I write mostly light-hearted contemporary romances that are often also paranormal. Elements of mystery and suspense mix in too. Among my protagonists are a vampire who refuses to brood but likes role-playing, a necromancer who’s a web developer by day, and a psychic who falls for his grumpy roommate.

** Cock-docking: it’s like the docking of two space shuttles but with penises. Foreskin is a bonus. **


Under a prickly, cynical surface Lou Harper is an incorrigible romantic. Her love affair with the written word started at a tender age. There was never a time when stories weren’t romping around in her head. She is currently embroiled in a ruinous romance with adjectives. In her free time Lou stalks deviant words and feral narratives.

Lou has misspent most of her life in parts of Europe and the US, but is now firmly settled in Los Angeles and worships the sun. However, she thinks the ocean smells funny. Lou is a loner, a misfit, and a happy drunk.





19 thoughts on “Guest Post: Lou Harper

  1. PS. Cock-docking requires at least one foreskin. Not that I know that directly, but, um,…oh never mind.

    1. lol. Don’t worry. The research writers have to do for books (and me in particular, being a straight female writing MM books) would make a sailor blush 😛

    2. Ulysses, you’re absolutely correct. I’m guessing it happens more in Europe than here in the US.

  2. Great post, Lou! I have thought a LOT about this subject over the past year (funnily enough, I never thought about the “whys” of it when I was only reading m/m, but have pondered it extensively since I began writing in the genre.)
    Anyway, I think all your reasons make total sense, and I feel similarly.
    I’ve also found that for me, men irl can feel very unsafe. And so writing men, and reading about men in Romance from a very close pov, is reassuring. I know these men, I trust them, and I can relax enough with them to be fully invested in the story. When they show tenderness or vulnerability or love, I am reassured that men in general are good.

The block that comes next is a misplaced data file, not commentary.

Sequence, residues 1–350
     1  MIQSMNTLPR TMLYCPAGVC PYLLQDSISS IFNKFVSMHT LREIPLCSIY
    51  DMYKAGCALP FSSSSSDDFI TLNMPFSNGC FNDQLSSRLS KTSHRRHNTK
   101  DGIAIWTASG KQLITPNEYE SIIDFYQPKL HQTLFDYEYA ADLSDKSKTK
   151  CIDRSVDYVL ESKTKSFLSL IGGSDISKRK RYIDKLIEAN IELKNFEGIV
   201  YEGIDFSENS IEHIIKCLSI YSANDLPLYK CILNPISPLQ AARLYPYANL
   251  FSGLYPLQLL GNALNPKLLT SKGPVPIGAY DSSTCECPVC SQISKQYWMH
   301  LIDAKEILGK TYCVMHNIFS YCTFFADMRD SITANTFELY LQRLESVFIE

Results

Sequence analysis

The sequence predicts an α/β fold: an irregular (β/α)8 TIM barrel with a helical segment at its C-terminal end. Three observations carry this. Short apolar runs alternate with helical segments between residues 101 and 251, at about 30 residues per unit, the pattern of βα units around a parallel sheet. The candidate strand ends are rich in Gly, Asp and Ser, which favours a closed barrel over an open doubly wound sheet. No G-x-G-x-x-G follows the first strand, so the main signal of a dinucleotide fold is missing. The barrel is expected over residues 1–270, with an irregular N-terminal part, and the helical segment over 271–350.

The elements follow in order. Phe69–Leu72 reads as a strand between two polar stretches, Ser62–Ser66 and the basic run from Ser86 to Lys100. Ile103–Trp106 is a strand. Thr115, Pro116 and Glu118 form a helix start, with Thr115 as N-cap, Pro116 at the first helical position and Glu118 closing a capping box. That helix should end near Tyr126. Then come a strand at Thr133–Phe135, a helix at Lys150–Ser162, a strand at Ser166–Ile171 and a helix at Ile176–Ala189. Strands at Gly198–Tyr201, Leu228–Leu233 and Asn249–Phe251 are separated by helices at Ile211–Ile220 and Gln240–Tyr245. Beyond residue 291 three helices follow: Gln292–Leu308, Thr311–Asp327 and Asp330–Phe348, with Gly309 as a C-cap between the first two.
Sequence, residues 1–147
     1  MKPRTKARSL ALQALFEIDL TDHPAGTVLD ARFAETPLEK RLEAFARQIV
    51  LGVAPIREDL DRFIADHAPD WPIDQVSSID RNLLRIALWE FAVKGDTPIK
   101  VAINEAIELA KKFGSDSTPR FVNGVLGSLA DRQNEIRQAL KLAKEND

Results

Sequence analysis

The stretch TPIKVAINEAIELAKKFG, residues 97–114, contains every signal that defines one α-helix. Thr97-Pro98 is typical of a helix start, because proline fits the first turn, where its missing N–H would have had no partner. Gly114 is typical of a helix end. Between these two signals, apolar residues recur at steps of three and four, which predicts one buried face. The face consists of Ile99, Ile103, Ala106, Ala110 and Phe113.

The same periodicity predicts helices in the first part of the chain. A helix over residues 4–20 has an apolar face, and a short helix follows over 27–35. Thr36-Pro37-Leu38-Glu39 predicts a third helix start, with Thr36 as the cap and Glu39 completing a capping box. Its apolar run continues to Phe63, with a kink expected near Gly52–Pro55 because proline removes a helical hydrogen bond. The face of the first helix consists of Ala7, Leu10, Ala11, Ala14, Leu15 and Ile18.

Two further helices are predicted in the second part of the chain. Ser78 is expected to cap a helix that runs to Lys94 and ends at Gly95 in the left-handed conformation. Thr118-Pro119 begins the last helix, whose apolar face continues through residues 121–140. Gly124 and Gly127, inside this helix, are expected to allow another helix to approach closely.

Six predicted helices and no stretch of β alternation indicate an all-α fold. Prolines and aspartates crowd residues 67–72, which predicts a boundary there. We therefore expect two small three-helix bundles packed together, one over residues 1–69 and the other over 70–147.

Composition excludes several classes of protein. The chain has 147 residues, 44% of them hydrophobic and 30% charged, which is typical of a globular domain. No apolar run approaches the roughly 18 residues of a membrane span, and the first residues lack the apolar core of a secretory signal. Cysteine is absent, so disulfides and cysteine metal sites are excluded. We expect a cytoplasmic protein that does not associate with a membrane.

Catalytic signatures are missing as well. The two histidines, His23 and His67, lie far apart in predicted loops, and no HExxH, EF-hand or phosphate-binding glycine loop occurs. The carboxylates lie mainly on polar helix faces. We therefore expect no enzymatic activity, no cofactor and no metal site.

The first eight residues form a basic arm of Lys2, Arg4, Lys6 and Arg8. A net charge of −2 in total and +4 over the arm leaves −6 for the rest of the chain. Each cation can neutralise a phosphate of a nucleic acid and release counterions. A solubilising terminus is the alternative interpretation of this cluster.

I guess we all have many reasons for loving m/m.
    I’m just happy to see the genre growing and doing so well 🙂

    1. So true! That’s why I wanted to create a little bit of exposure for it on my blog. I recently started writing MM romance too and I thought it was high time my blog audience got introduced to the best. 🙂

  3. That was great, Lou. You answered the questions I’ve pondered about…why I’ve become so addicted to MM romance in the last couple of years. But I still think I’m a gay man inside a heterosexual woman….ha. I’ve also decided it’s because I’ve been there done that for so many years and this is different and so interesting.

  4. Wow. This is a stellar post. This is exactly why I love M/M romance so much. Growing up, I always identified more with male characters than female ones, but it’s only been recently that I’ve realized that. I am innately drawn to romance but I just got so frustrated with traditional het romance that I was only reading books with romance aside from the main plot or with none at all. But I felt like I was finally home with M/M stories. I devour them and write them too. I also like it when there are strong female secondary characters, but that’s a whole other blog post, lol.

    1. Thank you, and I agree with you about the female supporting characters. Making them strong and interesting is something I’m mindful of in my writing.

  5. Thank you for this thought provoking article, Lou! I think you have a point or two. Actually, I was thinking along similar lines for a while now. I’m not sure about the perpective thing but it sounds interesting and is a line that should be followed. For me (personally) an element of or desire for real equality of the two partners in a relationship figures in, something that (most of the time and if it’s only physically) can’t be achieved in the het romances.

  6. This is definitely an interesting angle on the reasons why m/m genre may appeal to women. I certainly identified with the tomboy/gay man stuck in a woman part 😀
    My theory is that some women are just fed up with het romance and the idea that some other woman gets everything you ever wanted – again! (insert bitchyface here). Envious much? you’ll ask. Yes. Yes, I am. It’s just more tolerable if it’s two guys instead. Not to mention it’s HOT.
    I don’t like to generalize but I’ve noticed that m/m authors (at least those whose work I’ve read) tend to be less sappy, if at all, and sappy really gets on my nerves.